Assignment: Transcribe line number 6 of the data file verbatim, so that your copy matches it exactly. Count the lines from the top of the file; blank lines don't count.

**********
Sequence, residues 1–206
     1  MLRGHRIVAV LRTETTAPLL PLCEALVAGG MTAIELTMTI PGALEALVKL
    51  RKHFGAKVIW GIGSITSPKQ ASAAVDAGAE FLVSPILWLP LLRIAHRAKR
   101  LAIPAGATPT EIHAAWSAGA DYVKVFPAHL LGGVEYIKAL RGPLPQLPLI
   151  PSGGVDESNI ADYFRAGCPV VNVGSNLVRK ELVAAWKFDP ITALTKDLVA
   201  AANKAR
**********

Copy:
   201  AANKAR